Lives of poor unchanged by Schmoke

August 04, 1998|By MICHAEL OLESKER

IN THE 4,360TH issue since its founding in 1914, the New Republic magazine has belatedly glanced this way and discovered that the mayor of Baltimore is a disappointment. Their brain trust should have inquired hereabout maybe 40 or 50 issues ago. Ironically, the magazine is taking a shot at Kurt L. Schmoke just as he's getting better.

In a five-page spread called "Up In Schmoke," reporter Jason Zengerle looks all the way back to the future mayor's legendary high school days at City College, and the Lancers Boys Club years with Judge Robert Hammerman, and the golden promise of Yale and the Rhodes Scholarship, before declaring:

"When Schmoke became mayor a decade ago, Baltimore's white establishment believed his ascension heralded a new era of harmonious, biracial politics that could rescue the city. But the harmony was illusory, and the rescue never came."

Zengerle's right about some things, including race. The last mayoral campaign was a heartache. The recent Schmoke suggestion of racist motives behind a federal investigation of city housing was beneath him. And, if the mayor has made any grand pronouncements about racial harmony during his City Hall days, they've gone unnoticed, though many have been listening quite intently.

Also, though, when the New Republic says the city's rescue never came, they've got it wrong: In many ways, Baltimore's in the midst of a new renaissance. And Schmoke should get some credit for it. But it's not precisely the renaissance he once had in mind.

Ironically, the mayor's on the cover of another national publication this week, In These Times, with a story that gets us closer to his successes and his disappointments.

The piece, written by Salim Muwakkil, is called, "A New Class: Black mayors move away from racial politics." It's about all the post-civil rights-era black mayors who took office amid fervent African-American anticipation of breakthroughs.

"By the mid-'80s," Muwakkil writes, "black constituents began expressing some discontent over these mayors' failures to significantly improve black communities' overall quality of life. The reality of municipal management in the United States has little room for the extravagancies of ideology. Mayors must govern a broad and diverse constituency including the interests of real estate, banking and corporate sectors."

This is not exactly news to the mayor. As everybody knows, he's a smart guy who's been to college. But, over the years, business leaders here have gone ballistic over what they believe has been his history of ignoring them, or playing hardball with them when it makes no sense. Remember USF&G feeling ignored? Remember folks from the Convention Center and tourism business going bananas?

Now, though, there dawns a twinkly new day in Baltimore. It's not exactly the day Schmoke imagined, and it doesn't arrive with, say, the brass bands that a Don Schaefer might have brought to it. But it's here.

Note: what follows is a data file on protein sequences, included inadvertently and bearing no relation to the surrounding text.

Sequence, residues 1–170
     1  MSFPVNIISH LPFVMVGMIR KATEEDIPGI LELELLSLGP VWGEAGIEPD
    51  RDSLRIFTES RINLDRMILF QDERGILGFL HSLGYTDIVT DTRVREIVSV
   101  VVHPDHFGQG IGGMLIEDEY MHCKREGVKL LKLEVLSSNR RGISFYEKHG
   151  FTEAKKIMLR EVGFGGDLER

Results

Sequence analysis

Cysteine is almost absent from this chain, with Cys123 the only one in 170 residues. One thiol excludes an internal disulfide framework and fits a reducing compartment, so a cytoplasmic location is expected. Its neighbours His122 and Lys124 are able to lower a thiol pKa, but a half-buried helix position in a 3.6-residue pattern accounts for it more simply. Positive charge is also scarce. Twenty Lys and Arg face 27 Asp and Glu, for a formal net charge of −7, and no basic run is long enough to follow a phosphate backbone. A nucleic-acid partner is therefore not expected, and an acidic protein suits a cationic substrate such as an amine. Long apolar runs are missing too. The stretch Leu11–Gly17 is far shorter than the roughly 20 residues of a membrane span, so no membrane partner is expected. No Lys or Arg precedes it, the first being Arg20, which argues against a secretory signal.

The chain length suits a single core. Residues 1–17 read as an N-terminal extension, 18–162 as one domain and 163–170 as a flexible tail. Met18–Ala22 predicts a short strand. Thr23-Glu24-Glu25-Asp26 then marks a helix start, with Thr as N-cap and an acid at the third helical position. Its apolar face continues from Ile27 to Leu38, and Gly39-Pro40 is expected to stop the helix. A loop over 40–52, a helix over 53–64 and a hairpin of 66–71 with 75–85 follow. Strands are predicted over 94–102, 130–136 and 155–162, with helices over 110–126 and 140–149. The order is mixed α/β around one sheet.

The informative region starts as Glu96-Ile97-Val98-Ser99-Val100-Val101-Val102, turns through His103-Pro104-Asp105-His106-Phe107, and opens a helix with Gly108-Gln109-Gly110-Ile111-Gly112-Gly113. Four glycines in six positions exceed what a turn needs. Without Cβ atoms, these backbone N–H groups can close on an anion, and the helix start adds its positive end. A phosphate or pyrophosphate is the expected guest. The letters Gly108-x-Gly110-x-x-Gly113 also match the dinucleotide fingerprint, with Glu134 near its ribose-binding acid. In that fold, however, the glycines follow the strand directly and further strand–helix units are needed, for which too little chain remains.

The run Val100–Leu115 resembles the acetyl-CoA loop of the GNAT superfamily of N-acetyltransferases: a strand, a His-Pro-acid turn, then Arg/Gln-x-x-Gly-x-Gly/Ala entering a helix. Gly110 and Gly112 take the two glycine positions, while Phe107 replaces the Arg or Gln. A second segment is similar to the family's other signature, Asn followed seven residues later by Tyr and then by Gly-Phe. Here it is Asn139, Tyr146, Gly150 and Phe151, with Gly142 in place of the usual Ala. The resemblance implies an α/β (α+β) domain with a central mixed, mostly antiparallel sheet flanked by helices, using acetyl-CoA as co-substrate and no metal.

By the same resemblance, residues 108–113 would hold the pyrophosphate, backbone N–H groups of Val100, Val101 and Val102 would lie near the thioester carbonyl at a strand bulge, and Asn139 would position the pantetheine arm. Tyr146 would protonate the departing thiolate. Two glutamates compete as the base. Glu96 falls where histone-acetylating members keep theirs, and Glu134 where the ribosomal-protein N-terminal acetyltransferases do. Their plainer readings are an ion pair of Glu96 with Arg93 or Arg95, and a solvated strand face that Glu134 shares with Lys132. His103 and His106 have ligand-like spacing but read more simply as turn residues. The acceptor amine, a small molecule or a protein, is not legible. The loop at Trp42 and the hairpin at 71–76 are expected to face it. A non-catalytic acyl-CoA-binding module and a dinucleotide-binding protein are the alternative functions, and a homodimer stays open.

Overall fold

The country's economic boom has reached Baltimore, in ways we haven't seen since the earliest talk of a thing called Harborplace. You can smell money in the air. You can hear the sound of hammers and drills from Federal Hill's newly refurbished rowhouses to the new Inner Harbor hangouts to Fells Point spots to marinas and homes and book stores in Canton.

But, does anybody know what these neighborhoods have in common?

In the New Republic, Schmoke says, "I can't seem to disabuse some people of the notion that I'm like Huey Newton or someone."

Actually, nobody's ever confused the button-down Schmoke with the former Black Panther leader. But he's speaking in shorthand. He means some white people tend to stereotype black people -- and their accomplishments.

If there's success in white-majority neighborhoods, or the crowds are thick at white-controlled Harborplace, many assume it's happened in spite of City Hall. They assume an end run by white business people tired of dealing with the ponderous City Hall, or they assume market forces have simply rolled over the clumsy city bureaucracies.

That's unfair to Schmoke, but it touches on a big problem: He's got two cities. One is learning to feel pretty good about itself; the other can't get out of its own way.

There are plenty of middle-class neighborhoods, black and white and mixed, where the living's delightful. But there are neighborhoods, mostly black, where this administration hasn't made a dent in long-standing troubles. The crime is frightening, the drugs are sold openly, and children are on the street all night.

What's more, the institutions that touch the lives of great numbers of black citizens are a mirror of tragedy: the public schools, now in their third decade of dying; the Police Department and the courts, overwhelmed by the terrible self-destruction in the roughest black neighborhoods; and the social service agencies, where most of the poorest, neediest clients are black.

This mayoral administration hasn't reached those citizens who have needed him the most. The second renaissance has arrived without their participation.

"For a man who was supposed to represent the color-blind ideal," Jason Zengerle writes in the New Republic, "Schmoke is now remarkably haunted by questions of race."

It comes from the last campaign, and the latest housing troubles, and it comes from Schmoke's complete inarticulateness, these past 10 years, on matters of racial harmony.

But the great irony is this: In measurable terms, middle-class white and black Baltimore's doing pretty well under Schmoke. Its that permanent black underclass that he hasn't been able to touch.

Pub Date: 8/04/98

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